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Mesothelioma Clinical Trials

Mesothelioma patients who are looking for the some of the most promising new treatments or therapies are turning to clinical trials for their best options.

Clinical trials are research studies that involve patients and look for new ways to test, treat and possibly cure diseases, including mesothelioma. Of the clinical trials that are focused on mesothelioma, many concentrate on pleural mesothelioma, which is the most common type of the disease.

Types of Clinical Trials

There are many types of clinical trials, which allow patients to choose what is best given their set of circumstances:

  • Treatment -- new treatments or combinations of existing treatments to formulate new uses.
  • Prevention -- preventative measures to stopping a particular disease.
  • Diagnostic -- new ways to find cancer earlier. This usually involves patients who have some signs or symptoms of cancer.
  • Screening -- new ways to diagnose cancer earlier for better outcomes. This is particularly useful in mesothelioma. This involves patients who do not have any signs of cancer.
  • Quality of Life/Supportive Care -- new palliative care measures that are aimed at reducing pain.

Phases of Clinical Trials

In addition to the types of clinical trials, there are primary phases of trials that allow for a broad range of participants before a new drug or treatment is released to the general population. The fourth phase of the trial usually occurs after it has been released, when pharmaceutical companies can see how the drug or treatment reacts overall.

  • Phase I -- This part of the trial tests a small group of patients, about 20 to 80, to determine its safety and efficacy.
  • Phase II -- The experimental drug or treatment is given to a larger group of people, usually up to 300, to get a closer look at the reactions and study its safety. If a drug is to fail, it typically happens in phase II.
  • Phase III -- Up to 3,000 people take the proposed drug or treatment to monitor for side effects and compare it to commonly used treatments. This is the most expensive and time-consuming phase of clinical trials. Most drugs and treatments must undergo two successful phase III trials before U.S. Food and Drug Administration (FDA) approval.
  • Phase IV -- Also known as postmarketing surveillance, this phase includes ongoing scrutiny of the drug or treatment’s efficacy and safety in the general population. Harmful effects in phase IV may result in a drug being recalled.

Enrolling in Clinical Trials

There are several ways to find clinical trials that are focused on mesothelioma. Most of the larger mesothelioma cancer treatment centers are affiliated with or performing their own clinical trials. It is important to ask your doctor about which ones would be best for you. Also, visit Centerwatch.com and clinicaltrials.gov for more information about local clinical trials. Most clinical trials have very specific guidelines and criteria for participating. You must match these guidelines to be considered. Once you have found a clinical trial you would like to try, make sure you email or call the study organizers. In some cases, you may need to undergo a physical or submit health documents from your doctor to be included.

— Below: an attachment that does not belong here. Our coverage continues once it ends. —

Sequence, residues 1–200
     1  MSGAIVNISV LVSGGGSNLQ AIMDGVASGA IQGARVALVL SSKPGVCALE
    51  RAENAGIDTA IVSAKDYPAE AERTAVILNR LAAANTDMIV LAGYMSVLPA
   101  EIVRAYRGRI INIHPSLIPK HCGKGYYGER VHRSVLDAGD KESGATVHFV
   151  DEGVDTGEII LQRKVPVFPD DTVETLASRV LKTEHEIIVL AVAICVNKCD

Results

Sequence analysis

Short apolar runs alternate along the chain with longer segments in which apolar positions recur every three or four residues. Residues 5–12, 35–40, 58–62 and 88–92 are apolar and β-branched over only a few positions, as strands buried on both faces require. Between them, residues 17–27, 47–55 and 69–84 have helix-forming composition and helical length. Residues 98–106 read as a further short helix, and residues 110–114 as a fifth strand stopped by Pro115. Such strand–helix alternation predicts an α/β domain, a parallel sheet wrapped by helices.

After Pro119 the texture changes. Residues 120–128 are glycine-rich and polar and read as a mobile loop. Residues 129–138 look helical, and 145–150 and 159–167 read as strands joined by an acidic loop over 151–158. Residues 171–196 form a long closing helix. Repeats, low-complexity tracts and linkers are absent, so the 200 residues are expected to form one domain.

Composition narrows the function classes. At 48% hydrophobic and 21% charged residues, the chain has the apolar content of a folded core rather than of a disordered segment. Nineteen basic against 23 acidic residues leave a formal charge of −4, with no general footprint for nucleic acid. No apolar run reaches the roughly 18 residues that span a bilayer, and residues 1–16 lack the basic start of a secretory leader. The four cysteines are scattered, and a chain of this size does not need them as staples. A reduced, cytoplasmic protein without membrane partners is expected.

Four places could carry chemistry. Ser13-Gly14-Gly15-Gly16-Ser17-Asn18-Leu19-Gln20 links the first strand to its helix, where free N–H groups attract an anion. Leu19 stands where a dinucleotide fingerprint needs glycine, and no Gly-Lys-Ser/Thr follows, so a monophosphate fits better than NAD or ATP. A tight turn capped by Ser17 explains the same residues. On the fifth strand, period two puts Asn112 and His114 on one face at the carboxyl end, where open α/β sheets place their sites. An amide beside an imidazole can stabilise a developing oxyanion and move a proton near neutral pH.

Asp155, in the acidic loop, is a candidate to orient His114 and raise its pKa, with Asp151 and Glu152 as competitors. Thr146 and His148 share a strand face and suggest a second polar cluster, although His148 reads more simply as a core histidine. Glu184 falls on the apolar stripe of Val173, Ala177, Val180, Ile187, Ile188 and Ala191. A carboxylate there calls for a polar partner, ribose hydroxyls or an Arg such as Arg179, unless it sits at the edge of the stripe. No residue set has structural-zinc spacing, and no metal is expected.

Common Misconceptions about Clinical Trials

Many patients shy away from clinical trials because they don’t fully understand what they are. There are common misconceptions and problems that often impede patients and the trials themselves:

If I enroll in a clinical trial, I might not get any treatment

While it is true that some clinical trials use placebos, or dummy pills, placebos are rarely used in cancer clinical trials. In studies where there is already safe and effective treatment, like cancer, no one receives a placebo. Patients get either the drug or treatment that is being tested or the already established drug or treatment.

The requirements for most clinical trials are too strict

Yes, it’s true that pharmaceutical companies have strict guidelines for joining clinical trials. This is used so the scientists can reach valid scientific conclusions. However, this shouldn’t stop patients from trying to be included. The benefits far outweigh the risks for most mesothelioma patients.

I’m far too sick to benefit from clinical trials. Why should I bother?

Maybe you are too sick to benefit from a clinical trial, but there are scores of other patients who might benefit from your involvement. Mesothelioma is a rare cancer that is often diagnosed in the later stages, so your involvement can help advance medical knowledge and help other patients.

Sources:

  1. National Cancer Institute. Cancer Clinical Trials. Retrieved from http://www.cancer.gov/cancertopics/factsheet/clinicaltrials/clinical-trials
  2. Pines. Wayne. “The Benefits of Clinical Trials.” WebMD. Retrieved from http://www.webmd.com/news/20000414/clinical-trials-benefits.
  3. Densmore, Sara. “How to Enroll in a Clinical Trial.” For Dummies. Retrieved from http://www.dummies.com/how-to/content/how-to-enroll-in-a-clinical-trial.html
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